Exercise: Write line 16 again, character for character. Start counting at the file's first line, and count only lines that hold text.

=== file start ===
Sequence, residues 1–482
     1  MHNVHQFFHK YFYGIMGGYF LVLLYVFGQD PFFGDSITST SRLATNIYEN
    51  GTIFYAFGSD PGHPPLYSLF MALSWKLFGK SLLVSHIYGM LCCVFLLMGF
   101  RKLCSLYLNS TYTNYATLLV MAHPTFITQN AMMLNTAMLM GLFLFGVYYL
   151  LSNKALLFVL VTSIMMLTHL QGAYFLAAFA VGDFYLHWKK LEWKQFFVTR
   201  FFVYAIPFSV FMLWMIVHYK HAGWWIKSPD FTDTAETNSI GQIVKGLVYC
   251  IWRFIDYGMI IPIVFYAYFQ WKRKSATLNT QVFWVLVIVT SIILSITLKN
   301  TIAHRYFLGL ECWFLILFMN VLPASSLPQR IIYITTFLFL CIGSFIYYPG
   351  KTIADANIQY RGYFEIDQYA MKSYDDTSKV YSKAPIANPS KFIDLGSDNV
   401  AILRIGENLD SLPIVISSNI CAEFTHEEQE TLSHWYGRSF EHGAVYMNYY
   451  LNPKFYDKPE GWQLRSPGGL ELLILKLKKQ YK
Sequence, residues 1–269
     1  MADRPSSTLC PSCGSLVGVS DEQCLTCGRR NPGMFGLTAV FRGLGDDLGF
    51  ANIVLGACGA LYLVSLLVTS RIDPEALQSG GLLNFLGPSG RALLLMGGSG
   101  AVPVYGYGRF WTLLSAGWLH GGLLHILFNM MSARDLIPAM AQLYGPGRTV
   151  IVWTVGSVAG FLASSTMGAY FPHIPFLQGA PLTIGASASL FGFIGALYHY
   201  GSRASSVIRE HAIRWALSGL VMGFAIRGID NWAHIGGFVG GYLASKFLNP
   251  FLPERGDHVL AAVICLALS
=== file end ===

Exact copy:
   151  IVWTVGSVAG FLASSTMGAY FPHIPFLQGA PLTIGASASL FGFIGALYHY